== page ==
The Pensioners Affairs Ministry has created a new department over the past two weeks that will begin to collect specific claims by Jews who lost their property when they left Arab countries during the 20th century.
More than 850,000 Jews fled or were expelled from Arab lands and Iran, most after Israel's founding in 1948. Estimates of the value of the property they were forced to leave behind are hard to come by, ranging from as low as $16 billion in known assets to as high as $300b. when estimates of the value of their abandoned real estate are included.
"Israel has talked about this on and off for 60 years. Now we're going to deal with it as we should have all along," said Dr. Avi Bitzur, director-general of the Pensioners Affairs Ministry.
The ministry established a department with an initial staff of five to begin to collect the claims of the Jewish refugees, about 80 percent of whom settled in Israel. Bitzur will host a panel on the issue at next week's Herzliya Conference, and over the next two weeks hopes to pass a decision through the cabinet mandating discussion of Jewish refugees whenever the question of Arab refugees are raised in peace negotiations.
According to Bitzur, who is also a political scientist at Bar-Ilan University, the new effort comes to fill a gap in awareness both in Israel and abroad. "The UN has dealt at least 700 times with Arab refugees and their property, but not once with the issue of Jewish property," he says.
It's also time for Israelis to get to know better the history of the Jews of Arab lands, who make up some 60% of the ethnic ancestry of Israeli Jews.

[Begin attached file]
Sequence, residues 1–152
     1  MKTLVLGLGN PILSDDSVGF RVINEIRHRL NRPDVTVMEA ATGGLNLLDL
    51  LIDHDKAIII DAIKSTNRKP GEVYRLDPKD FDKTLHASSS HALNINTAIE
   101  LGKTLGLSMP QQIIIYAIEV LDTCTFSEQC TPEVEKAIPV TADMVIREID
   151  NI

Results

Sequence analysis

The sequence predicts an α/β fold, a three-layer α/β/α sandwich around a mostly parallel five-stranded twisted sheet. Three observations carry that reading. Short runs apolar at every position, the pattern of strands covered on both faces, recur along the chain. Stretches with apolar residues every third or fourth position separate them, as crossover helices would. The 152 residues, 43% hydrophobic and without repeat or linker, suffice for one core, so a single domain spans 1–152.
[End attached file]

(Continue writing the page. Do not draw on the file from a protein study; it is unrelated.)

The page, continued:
"It's time to deal with this amongst ourselves," says Bitzur. "I say that as a citizen, as a father and as an academic. We should know the history of the pogrom in Baghdad in 1941, of the Lybian Jews who ended up in Bergen Belsen. It's time for people to know that there was this part of the Jewish people and its history was brought to an end."
In late 2007, Baghdad-born American Jew Heskel M. Haddad, representing the World Organization of Jews from Arab Countries, called on the Israeli government to begin to seriously examine the issue of Jewish property left behind in Arab lands.
At the time, Haddad told The Jerusalem Post
that WOJAC had a staggering 100,000 square kilometers in property deeds.
Yet it is uncertain whether the recent initiative can survive after the February 10 Knesset elections. The Pensioners Affairs Ministry was established as part of a coalition deal with the Gil Pensioners Party in 2006. With the Pensioners currently polling below the threshold to return to the Knesset, would the ministry - and with it the newly-formed department - survive in a new coalition?
According to Bitzur, emphatically yes. "The department was formed by a government decision which continues to be in effect after the elections. The department has been approved and funded by the Finance Ministry, and its workers are government workers with all the implied protections," he explains.
Internationally, too, the project has support. "The US Congress [in mid-2008] decided that any discussion of refugees in the Middle East must include the Jewish refugees from Arab lands. The current presidency of the EU, the Czech Republic, agrees with this position," he says.
Etgar Lefkovits contributed to this report.
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